Wednesday, April 20, 2022

Amicus Briefs Filed in US v. Carillo-Lopez, Challenging Illegal Re-Entry Law as Anti-Mexican and Racist


Check out immigration law professors challenging systemic racism in the enforcement of the criminal immigration laws.  Last week, the UCLA Center for Immigration Policy, the UC Davis Aoki Center for Critical Race and Nation Studies, and the Southern Poverty Law Center filed an amicus brief in the U.S. Court of Appeals for the Ninth Circuit in United States v. Carillo-Lopez. In that case, Carrillo-Lopez argues that the federal criminal illegal reentry statute—the most prosecuted federal crime in the United States, and a key driver of mass incarceration for Mexicans in the United States—is unconstitutional because it was enacted to discriminate against Mexicans based on their race. A federal judge agreed with him, declaring the law unconstitutional. In U.S. v. Carillo-Lopez, Chief Judge Miranda M. Du, U.S. District Court, District of Nevada, ruled that:

"Carrillo-Lopez has demonstrated that Section 1326 disparately impacts Latinx people and that the statute was motivated, at least in part, by discriminatory intent . . .  [T]he Court reviews whether the government has shown that Section 1326 would have been enacted absent discriminatory intent. Because the government fails to so demonstrate, the Court finds its burden has not been met and that, consequently, Section 1326 violates the Equal Protection Clause of the Fifth Amendment."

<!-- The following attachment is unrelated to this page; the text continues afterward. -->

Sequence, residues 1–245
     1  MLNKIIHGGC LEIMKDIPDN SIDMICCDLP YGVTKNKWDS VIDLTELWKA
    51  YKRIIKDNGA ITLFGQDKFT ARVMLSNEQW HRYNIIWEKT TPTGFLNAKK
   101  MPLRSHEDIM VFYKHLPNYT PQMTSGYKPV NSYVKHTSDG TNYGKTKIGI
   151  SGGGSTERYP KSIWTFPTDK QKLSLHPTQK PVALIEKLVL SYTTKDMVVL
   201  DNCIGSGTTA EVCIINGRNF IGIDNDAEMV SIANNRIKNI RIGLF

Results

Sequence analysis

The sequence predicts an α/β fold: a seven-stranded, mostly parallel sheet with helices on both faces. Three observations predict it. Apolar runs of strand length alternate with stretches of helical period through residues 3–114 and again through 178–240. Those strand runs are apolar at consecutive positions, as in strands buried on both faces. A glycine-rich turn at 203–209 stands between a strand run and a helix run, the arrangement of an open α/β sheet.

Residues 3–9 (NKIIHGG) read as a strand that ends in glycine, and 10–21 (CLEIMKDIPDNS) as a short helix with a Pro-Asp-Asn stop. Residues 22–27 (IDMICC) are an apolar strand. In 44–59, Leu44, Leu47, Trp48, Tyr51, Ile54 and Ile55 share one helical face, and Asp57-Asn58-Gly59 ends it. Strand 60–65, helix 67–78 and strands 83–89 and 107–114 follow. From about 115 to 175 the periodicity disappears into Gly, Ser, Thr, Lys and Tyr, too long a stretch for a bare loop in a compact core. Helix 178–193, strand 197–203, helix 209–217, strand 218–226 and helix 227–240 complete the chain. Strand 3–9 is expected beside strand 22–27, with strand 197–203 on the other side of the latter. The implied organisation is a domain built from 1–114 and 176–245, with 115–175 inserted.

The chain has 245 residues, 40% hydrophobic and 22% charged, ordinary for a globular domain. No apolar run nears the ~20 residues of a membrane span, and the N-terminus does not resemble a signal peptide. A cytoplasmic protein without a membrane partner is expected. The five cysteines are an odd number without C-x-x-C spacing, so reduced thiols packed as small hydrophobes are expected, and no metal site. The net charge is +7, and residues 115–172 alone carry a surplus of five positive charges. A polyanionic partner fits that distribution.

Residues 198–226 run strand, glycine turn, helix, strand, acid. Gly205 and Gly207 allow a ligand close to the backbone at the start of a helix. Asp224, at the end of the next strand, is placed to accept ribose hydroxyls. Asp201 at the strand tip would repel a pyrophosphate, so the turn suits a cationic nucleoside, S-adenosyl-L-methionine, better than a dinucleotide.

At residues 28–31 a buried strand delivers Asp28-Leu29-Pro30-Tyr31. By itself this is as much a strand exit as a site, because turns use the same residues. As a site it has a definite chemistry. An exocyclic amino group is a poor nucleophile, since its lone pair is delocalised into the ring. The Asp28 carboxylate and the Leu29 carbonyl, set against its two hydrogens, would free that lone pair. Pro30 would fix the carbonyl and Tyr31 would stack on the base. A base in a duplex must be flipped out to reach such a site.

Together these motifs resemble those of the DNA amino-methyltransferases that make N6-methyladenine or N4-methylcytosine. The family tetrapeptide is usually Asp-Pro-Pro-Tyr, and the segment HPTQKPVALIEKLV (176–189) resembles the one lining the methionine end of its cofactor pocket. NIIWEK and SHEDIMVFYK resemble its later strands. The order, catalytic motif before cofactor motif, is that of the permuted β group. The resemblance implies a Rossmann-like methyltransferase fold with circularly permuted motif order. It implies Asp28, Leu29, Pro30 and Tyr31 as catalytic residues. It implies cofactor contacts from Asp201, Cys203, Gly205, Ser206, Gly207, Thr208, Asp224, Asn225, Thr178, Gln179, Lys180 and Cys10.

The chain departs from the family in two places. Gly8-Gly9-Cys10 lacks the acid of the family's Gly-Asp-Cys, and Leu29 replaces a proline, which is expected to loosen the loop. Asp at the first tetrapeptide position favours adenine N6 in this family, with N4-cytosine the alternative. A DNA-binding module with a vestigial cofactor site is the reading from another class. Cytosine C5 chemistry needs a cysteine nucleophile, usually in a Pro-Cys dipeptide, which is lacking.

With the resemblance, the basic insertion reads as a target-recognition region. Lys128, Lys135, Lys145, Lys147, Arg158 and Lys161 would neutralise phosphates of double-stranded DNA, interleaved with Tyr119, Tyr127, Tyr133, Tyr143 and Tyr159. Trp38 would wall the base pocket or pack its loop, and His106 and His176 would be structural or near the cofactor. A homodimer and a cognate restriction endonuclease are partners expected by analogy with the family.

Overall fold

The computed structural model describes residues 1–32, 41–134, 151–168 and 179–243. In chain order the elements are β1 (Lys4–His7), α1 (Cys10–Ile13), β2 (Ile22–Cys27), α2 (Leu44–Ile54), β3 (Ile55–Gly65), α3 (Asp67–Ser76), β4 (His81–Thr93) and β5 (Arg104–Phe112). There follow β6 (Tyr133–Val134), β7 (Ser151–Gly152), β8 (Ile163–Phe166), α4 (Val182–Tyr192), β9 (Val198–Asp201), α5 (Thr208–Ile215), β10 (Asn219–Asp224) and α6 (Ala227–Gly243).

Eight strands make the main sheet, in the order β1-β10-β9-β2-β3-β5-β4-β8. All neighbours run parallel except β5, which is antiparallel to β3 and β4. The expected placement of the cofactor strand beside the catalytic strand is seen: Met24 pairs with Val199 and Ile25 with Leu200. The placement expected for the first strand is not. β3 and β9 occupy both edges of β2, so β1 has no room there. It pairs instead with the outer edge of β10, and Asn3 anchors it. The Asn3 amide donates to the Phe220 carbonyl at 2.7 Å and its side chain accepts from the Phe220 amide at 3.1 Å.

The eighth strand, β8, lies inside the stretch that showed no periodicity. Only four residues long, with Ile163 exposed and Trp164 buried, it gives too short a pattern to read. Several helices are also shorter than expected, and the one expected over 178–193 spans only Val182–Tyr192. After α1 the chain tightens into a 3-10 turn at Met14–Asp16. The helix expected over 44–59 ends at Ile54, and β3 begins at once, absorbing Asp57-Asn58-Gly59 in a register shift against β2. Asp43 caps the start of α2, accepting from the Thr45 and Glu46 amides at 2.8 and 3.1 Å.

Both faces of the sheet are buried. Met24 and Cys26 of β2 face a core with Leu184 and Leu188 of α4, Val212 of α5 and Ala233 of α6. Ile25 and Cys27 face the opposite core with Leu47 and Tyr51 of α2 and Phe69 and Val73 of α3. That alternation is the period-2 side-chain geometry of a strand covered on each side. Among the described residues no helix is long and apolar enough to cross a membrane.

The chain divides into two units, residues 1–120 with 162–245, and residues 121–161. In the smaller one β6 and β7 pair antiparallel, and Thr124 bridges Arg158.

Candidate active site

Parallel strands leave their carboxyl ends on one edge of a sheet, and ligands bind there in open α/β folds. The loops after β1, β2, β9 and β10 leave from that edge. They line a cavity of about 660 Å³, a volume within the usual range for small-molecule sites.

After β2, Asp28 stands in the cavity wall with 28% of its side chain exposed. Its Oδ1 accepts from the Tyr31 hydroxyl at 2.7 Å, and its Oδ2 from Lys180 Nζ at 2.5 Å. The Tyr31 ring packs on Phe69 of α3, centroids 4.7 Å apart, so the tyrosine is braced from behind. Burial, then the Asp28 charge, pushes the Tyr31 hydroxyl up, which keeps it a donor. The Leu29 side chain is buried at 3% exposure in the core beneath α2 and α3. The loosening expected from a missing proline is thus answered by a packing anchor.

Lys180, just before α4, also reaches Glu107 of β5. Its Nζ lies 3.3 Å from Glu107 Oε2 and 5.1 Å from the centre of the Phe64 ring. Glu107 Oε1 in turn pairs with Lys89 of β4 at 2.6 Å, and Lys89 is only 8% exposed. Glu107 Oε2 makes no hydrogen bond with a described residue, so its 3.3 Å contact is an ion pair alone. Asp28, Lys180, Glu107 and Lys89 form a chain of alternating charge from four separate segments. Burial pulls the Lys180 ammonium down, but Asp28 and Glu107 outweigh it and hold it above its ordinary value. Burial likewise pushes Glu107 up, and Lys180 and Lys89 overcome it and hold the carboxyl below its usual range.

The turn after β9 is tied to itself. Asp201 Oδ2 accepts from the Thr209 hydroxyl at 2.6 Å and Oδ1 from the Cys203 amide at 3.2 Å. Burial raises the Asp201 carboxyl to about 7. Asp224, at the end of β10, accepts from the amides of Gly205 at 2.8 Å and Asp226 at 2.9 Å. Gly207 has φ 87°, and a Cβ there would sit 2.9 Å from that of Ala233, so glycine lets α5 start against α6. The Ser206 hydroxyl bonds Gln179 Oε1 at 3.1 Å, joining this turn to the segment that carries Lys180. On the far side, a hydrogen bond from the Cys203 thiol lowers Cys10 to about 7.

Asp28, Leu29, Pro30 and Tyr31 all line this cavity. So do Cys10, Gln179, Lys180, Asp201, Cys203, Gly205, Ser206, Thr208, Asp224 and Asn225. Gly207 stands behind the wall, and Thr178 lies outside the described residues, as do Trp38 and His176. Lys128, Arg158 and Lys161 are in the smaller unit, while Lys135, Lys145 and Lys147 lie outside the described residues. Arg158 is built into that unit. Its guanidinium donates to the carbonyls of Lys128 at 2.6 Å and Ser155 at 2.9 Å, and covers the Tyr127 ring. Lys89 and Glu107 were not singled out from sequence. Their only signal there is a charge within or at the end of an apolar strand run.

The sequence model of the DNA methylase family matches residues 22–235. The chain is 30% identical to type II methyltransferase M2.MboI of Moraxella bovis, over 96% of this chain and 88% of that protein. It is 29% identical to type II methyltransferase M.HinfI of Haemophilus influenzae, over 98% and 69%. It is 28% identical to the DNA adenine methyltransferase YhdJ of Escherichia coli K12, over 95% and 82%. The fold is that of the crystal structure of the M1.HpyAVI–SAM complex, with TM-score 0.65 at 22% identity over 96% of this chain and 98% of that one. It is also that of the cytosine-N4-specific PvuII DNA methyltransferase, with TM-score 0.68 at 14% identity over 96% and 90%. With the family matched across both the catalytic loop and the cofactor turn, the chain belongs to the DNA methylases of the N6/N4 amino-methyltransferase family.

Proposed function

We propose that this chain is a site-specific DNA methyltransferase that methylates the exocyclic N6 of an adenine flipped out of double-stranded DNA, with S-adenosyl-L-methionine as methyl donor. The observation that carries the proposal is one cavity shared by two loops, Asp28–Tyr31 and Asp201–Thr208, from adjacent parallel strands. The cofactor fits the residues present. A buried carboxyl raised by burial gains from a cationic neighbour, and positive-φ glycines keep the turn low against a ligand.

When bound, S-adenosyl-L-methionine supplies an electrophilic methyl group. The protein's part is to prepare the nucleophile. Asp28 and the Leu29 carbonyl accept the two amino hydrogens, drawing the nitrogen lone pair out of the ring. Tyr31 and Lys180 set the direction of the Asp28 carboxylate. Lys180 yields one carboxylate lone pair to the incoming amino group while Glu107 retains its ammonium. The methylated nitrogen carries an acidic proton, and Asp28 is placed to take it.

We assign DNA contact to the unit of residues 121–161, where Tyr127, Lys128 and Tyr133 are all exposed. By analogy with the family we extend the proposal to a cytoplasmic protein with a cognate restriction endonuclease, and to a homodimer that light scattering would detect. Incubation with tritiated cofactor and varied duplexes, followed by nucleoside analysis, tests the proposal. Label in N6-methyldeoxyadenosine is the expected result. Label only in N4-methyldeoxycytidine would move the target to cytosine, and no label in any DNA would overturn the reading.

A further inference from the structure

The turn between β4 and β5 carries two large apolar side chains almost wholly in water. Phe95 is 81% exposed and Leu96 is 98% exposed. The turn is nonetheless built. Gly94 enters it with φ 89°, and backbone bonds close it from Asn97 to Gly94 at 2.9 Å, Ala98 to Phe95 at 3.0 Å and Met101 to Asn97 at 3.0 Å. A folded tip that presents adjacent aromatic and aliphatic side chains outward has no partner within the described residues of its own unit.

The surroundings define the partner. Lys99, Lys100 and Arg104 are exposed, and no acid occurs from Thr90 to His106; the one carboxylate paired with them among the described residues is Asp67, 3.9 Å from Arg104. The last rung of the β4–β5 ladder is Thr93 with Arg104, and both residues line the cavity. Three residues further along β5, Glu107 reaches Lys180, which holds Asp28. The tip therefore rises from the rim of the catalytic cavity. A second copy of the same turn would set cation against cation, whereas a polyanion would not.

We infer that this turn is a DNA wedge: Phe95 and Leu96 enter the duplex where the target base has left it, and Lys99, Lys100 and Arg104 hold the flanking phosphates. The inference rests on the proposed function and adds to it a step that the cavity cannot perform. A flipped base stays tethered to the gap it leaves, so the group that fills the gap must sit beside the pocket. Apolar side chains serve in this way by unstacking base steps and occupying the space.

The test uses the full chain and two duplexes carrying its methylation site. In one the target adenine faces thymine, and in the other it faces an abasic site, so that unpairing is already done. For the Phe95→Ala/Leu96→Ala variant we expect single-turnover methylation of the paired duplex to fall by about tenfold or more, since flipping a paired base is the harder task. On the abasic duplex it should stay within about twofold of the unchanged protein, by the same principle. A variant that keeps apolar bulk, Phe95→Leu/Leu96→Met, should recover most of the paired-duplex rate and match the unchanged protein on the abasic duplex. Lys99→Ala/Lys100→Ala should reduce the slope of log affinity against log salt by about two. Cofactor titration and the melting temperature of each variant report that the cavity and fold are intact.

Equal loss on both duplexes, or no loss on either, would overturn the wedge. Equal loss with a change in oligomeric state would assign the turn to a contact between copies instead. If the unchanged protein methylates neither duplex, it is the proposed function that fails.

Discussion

The amicus brief can be read here.  The UCLA press release lays out the brief's basic argument:

"Congress first enacted the illegal reentry statute in 1929 explicitly to keep the “Mexican race” out of the United States, it explains. Supporters called for the `protection of American racial stock from change through mongrelization.' Congressmen openly discussed the need to keep immigration limited to `white Northern and Western Europeans' and lamented Mexican `hordes' coming in `droves.' Unless they were excluded using the law, they and argued, from a `moral standpoint,' Latinos were `poisoning the American citizen.'

Those statements were made nearly one hundred years ago, but the law continues to work as intended to this day. In many years, approximately 99% of those prosecuted under the law are Latinos, overwhelmingly Mexicans.

[The] amicus brief therefore addresses a critical question: is the racism motivating the law’s original enactment still relevant nearly 100 years later? As the brief explains, the answer is `yes.'”


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